Education is dauntingly complex. There are simply SO many variables. Even a windy day changes the whole school. We also know from today’s greater knowledge of physiology and cognition that relatively small changes in temperature, hydration, noise, light levels and more can profoundly impact on attention and learning in one part of a room, or school, relative to another. Similarly, we have clear research evidence of the magnitude of the learning damage to children resulting from sitting at a desk all day on “school” chairs. Indeed we now understand SO much more. Yet so many current educational establishments seem to struggle to take account of what we know today, let alone taking a moment to realign to a reimagined future of education.
This is not anyone’s fault in particular. Large scale systems have considerable inertia. Consider medicine: for around 2,000 years blood letting was practiced – fluids were regarded as “humors” that had to be drained for good health. A huge pseudoscience grew up around the practice: the vein in the right hand would be bled to alleviate liver problems for example.
Bloodletting slowly fell out of fashion, but of course whole swathes of professionals were very, very reluctant to admit that bloodletting’s days were over. Barbers had sharp razors and had thus became central to the bloodletting industry; the barbers’ pole with its red and white stripes symbolises just that. If bloodletting ceased, so would a significant part of their professional “expertise”; cutting hair was less rewarded than cutting veins. They carried on letting blood, because that was what had always happened.
This might be a laboured analogy (sorry), but education too has long established habits that are less than ideal for great learning. These have been widely documented and researched enough by now. But, in education things are worse than in medicine because we define both the processes and the outcomes. If people thought that working singly, in relative privacy, within the confines of a “subject”, sitting at a desk, time limited, with same-age peers was an appropriate way to manage or control learning, then it made sense to them to invent outcomes – exam papers for example – that could largely only be achieved by working singly, in relative privacy, within the confines of a “subject”, sitting at a desk, time limited, with same-age peers. This self-fulfilling foolishness then provides a tough barrier to innovation: it is tough to evidence real improvement though unreal tests. In another parallel with blood letting, a whole pyramid of quasi professionals from inspectors to administrators are reluctant to let go of past practice despite the evidence of its shortcomings. It pays their mortgage.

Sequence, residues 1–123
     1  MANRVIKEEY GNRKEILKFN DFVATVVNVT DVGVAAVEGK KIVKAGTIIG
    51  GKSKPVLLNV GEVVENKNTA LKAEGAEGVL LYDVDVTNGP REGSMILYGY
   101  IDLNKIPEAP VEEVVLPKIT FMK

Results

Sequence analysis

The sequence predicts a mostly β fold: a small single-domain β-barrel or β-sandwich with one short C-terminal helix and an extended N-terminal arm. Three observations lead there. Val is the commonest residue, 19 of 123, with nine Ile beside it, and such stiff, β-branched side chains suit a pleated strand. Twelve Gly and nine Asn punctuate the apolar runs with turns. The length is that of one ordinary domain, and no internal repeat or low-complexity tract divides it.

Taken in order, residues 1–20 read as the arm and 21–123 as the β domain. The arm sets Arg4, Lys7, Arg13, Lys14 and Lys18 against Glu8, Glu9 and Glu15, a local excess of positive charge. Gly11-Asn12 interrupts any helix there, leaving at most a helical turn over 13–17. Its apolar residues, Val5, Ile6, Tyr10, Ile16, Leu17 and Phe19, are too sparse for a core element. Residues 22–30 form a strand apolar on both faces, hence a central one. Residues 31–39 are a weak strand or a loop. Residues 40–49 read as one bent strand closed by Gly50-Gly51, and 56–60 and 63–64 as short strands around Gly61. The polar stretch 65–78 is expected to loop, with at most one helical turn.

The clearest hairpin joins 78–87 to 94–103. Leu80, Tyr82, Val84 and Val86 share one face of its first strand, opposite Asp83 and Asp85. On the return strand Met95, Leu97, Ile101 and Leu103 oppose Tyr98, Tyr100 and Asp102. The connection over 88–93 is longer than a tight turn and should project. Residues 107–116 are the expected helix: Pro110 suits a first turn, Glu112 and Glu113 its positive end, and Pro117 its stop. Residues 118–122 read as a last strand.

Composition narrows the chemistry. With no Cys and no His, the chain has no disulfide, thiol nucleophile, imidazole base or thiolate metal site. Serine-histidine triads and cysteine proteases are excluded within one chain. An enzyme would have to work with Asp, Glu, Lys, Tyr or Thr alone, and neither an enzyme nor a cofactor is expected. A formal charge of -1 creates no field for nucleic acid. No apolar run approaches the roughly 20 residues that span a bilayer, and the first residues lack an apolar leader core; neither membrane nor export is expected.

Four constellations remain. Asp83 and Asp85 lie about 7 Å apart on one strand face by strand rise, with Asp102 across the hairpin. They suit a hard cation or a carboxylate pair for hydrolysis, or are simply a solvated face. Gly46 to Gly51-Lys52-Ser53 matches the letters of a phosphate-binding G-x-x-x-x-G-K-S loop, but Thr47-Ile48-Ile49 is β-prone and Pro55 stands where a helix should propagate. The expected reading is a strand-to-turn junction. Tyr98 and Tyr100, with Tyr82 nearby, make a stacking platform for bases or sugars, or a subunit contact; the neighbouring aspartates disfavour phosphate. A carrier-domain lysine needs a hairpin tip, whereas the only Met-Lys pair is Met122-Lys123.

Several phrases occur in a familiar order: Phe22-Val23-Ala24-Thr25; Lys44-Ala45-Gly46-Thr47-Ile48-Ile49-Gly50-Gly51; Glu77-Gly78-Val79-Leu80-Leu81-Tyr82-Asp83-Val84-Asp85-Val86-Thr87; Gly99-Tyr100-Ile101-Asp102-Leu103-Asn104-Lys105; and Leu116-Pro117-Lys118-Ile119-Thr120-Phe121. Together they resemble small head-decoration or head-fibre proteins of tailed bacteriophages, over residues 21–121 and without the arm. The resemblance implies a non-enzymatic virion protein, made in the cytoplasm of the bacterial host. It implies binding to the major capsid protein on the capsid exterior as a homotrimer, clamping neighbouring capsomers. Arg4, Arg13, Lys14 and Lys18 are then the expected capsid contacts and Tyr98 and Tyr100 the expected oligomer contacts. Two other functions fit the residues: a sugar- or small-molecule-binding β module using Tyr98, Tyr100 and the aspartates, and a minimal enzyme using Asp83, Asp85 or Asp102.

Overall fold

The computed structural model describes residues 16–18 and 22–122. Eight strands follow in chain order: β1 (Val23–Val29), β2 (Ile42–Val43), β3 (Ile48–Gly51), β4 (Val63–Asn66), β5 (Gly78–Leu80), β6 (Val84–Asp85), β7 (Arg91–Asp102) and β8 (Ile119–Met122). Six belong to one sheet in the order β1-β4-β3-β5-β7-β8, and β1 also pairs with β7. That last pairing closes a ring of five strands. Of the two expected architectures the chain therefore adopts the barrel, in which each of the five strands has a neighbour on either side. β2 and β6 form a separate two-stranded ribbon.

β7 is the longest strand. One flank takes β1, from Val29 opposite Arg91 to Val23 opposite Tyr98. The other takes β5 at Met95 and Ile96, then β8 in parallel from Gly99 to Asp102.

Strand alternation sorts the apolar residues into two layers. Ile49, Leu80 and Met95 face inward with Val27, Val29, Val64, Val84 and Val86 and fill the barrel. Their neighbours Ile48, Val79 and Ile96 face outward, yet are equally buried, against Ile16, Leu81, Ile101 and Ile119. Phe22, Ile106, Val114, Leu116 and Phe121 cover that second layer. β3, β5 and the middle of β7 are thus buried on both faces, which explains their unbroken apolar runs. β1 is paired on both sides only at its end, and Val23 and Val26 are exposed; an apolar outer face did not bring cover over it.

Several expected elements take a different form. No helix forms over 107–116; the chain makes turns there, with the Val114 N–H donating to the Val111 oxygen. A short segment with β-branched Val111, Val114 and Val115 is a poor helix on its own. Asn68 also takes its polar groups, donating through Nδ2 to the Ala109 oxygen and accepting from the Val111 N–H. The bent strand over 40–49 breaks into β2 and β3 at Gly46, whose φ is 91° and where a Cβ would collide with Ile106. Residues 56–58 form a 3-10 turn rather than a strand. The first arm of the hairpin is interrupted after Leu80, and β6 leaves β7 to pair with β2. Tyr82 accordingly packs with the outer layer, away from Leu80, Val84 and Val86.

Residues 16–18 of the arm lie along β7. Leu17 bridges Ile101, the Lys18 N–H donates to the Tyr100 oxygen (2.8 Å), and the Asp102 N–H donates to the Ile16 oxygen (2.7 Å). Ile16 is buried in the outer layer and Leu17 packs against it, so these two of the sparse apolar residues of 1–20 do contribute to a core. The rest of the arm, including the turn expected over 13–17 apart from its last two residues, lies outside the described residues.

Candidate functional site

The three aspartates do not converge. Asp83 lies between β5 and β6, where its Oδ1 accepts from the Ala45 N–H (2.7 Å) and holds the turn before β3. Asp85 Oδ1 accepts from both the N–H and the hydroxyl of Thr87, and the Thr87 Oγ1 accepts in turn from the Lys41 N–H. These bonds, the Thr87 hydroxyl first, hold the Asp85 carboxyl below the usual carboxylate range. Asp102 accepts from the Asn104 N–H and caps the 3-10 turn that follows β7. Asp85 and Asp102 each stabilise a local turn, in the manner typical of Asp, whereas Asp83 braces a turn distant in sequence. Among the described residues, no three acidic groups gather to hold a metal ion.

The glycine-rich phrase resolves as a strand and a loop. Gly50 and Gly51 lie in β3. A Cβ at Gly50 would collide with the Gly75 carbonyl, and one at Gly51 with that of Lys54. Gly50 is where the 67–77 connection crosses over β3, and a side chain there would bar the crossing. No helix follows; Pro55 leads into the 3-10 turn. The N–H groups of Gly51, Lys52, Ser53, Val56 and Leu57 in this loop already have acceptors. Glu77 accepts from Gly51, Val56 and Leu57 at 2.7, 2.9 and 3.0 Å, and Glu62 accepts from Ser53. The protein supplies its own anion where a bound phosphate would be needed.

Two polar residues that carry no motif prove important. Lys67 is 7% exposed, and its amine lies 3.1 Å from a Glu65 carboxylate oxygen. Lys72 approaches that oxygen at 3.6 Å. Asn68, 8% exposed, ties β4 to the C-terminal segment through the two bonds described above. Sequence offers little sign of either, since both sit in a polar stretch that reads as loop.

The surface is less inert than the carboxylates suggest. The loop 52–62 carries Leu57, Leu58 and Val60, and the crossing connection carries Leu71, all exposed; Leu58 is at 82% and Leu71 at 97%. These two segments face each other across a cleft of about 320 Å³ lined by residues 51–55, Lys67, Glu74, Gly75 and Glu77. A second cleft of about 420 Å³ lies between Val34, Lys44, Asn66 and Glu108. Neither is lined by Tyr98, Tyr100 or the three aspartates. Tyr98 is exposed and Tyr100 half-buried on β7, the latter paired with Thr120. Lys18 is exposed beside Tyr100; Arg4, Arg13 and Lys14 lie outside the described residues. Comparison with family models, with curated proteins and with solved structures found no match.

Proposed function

If the present is complex and conflicted, then it does at least bring us, in a roundabout way, to imagining a different future of education. It can’t go on like this. There are actually two futures ahead:
One future sees learning more like an Olympic sport: in sport, the aggregation of marginal gains suggests that every tiny detail matters going forward, with a multiplier effect to confirm Aristotle’s view that “The whole is greater than the sum of its parts”. Each subsequent year should see progress. In the vanguard of this forensic examination of effective practice, as with sport, is the participant. In sport it is the athletes who gather around their tablets and data trackside. In education we now know that Learner Led doesn’t mean the wilder excesses on the 1960s, it means engaging every child, every student, as reflective practitioners chasing the target of Making Learning Better and reaping the meta-cognitive boost from learning about their learning as they do so, whatever the “event”.
But a second possible future is also finding a perfect storm of opportunities: Uber and AirBnB both thrived because the existing industry of taxis and hotels were failing to meet many people’s needs, and anyway there was very considerable emerging capacity ready to be harnessed by a new solution. Many folk in cities needed extra money, many had cars, or bedrooms and apartments, that were hugely under-utilised. And goodness, how Uber and AirBnB grew! Education too has a huge number of dissatisfied learners and teachers – many countries currently are haemorrhaging teachers. Demography has added to that a huge number of retired experts which good research evidence suggests can play a part in learning too. It is not hard to imagine a capital investment free, new model of mass learning, built on freely offered capacity to help, underpinned by the smarts of machine learning, communications technology and AI, with peer review, celebration, mutuality and reward at its heart.
Perhaps if we really allow the learners to lead, this is where they will lead too: the death of education, but the dawn of learning.